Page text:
Laburanding

Charlando diseño y aprendiendo malabares

Pero aparte de los proyectos en sí, también tuvimos un campeonato de ping pong (pasé la primera ronda, pero luego perdí un partido de la segunda ronda y quedé afuera), pileta (me metí y todo), hicimos la foto grupal de siempre, un partidito de futbol (sobre pasto, ¡en patas!), un asado, la típica reunión de PyAr integrada al Pycamp, y mucha, mucha charla con diferentes grupos, viendo qué hacían, tratando de tirar alguna idea o aplicar alguna experiencia.

La grupal

Como actividades fuera del predio, tuvimos un paseo guiado una mañana (con guia y todo, que nos contó muchísimo del pasado y presente de Baradero y alrededores), y un festival de jazz una noche (muy lindo, y la gente de donde nos hospedábamos se copó y nos armó una vianda así los que íbamos al festival cenábamos allá).

El último día también hicimos (como queremos que se haga costumbre) un video donde todos los que empujamos algún proyecto pasamos y contamos qué se hizo. Está muy bueno a nivel resumen para los que estuvimos ahí y como registro para los que no pudieron ir (y que quede a futuro). Mil gracias a José Luis que siempre se copa con la edición del video final.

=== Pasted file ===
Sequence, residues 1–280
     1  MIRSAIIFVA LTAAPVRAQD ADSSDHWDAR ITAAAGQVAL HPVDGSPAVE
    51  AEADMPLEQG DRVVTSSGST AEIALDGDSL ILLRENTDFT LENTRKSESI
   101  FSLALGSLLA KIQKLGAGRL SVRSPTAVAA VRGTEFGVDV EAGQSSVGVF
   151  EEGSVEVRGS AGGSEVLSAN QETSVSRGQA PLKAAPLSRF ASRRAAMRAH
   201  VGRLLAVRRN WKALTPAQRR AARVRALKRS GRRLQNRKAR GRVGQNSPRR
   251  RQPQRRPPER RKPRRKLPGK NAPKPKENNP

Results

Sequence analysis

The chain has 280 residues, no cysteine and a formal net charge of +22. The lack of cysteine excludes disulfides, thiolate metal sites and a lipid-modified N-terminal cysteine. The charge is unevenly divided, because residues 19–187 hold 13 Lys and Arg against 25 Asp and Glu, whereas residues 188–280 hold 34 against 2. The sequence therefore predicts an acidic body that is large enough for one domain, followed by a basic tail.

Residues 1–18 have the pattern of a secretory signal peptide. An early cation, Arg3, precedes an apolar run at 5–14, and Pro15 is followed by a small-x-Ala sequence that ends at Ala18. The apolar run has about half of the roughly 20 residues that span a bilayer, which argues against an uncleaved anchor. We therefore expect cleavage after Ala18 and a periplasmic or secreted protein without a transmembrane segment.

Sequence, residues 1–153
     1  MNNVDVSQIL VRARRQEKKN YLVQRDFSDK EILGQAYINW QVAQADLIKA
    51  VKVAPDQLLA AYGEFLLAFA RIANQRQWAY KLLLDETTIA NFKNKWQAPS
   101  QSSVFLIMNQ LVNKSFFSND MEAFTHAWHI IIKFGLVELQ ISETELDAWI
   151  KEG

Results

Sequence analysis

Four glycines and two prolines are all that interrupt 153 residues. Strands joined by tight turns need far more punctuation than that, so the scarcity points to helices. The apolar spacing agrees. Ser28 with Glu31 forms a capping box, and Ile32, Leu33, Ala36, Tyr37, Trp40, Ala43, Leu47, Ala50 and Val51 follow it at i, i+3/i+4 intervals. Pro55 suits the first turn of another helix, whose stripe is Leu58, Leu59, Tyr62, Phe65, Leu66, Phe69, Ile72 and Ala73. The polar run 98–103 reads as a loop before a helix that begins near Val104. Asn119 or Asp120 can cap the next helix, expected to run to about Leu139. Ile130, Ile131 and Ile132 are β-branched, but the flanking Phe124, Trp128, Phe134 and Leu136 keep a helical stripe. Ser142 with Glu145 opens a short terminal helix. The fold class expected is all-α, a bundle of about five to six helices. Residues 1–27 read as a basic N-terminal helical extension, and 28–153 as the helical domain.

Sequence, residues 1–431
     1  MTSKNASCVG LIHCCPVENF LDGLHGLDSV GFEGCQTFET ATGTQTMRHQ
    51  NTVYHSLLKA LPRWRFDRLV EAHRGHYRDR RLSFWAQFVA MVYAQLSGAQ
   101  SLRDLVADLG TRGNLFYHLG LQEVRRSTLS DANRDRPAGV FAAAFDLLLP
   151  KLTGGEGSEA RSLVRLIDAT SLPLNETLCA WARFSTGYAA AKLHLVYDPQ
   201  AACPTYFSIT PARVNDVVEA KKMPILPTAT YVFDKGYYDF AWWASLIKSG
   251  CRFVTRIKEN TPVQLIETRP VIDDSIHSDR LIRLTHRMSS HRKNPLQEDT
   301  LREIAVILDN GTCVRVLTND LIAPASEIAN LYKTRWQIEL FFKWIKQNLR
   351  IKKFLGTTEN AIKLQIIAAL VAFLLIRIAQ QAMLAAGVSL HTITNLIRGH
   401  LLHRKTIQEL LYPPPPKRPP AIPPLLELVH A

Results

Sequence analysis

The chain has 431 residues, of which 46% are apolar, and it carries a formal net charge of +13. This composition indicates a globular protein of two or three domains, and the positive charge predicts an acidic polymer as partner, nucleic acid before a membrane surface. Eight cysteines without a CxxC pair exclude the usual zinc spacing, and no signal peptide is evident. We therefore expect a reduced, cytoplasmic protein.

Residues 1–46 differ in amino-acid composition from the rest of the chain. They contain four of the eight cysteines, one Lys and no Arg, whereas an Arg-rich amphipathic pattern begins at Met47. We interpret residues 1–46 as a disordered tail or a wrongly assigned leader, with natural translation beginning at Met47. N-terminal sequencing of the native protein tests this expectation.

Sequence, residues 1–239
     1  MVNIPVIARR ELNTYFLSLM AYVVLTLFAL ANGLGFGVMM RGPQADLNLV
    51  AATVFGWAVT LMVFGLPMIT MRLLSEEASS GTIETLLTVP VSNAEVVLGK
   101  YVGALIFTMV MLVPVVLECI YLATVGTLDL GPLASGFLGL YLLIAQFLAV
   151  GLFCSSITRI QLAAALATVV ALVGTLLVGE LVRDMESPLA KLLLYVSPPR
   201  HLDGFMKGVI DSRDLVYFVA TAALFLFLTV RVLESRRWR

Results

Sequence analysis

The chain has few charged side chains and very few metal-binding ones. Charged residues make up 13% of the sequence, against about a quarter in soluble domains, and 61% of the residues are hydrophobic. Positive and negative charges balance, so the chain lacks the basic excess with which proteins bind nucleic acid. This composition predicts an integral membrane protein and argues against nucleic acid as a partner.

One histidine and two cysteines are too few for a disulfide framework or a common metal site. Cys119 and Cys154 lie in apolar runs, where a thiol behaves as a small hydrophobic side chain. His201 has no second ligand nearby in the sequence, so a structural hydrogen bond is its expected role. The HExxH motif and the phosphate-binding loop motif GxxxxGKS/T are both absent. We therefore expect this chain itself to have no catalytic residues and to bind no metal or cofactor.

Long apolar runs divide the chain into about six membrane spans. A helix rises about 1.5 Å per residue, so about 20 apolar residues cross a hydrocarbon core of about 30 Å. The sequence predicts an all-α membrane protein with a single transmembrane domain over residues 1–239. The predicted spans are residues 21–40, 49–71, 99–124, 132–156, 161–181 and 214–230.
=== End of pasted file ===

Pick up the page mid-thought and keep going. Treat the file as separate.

Caminando por Baradero

Festival de Jazz

Un punto aparte para lo que fue el "lugar" del PyCamp. Mucho verde a metros nomás de donde estábamos trabajando, que era un salón grandote donde entrábamos relativamente cómodos (aunque en el día a día siempre había grupos laburando en lo que era el comedor y/o al aire libre). Las habitaciones estaban bien (considerando que eran grupales) y los baños limpios. La comida bárbara, incluyendo el asado, y un lujo todas las preparaciones especiales para gente vegetariana, con dietas raras, alergias, etc (les estuve preguntando a varios y todos comentaron que estuvo perfecto). Hasta la internet, anduvo...

En fin, pasó otro PyCamp. Yo siempre digo que es el mejor evento del año, y este no fue la excepción. Es más, esta edición, la 10°, fue uno de los mejores PyCamps!

Clases de espadas

El parque y la pileta

PD: charlando sobre que era la décima edición, nos anotamos cuales habían sido hasta ahora, lo dejo acá como registro...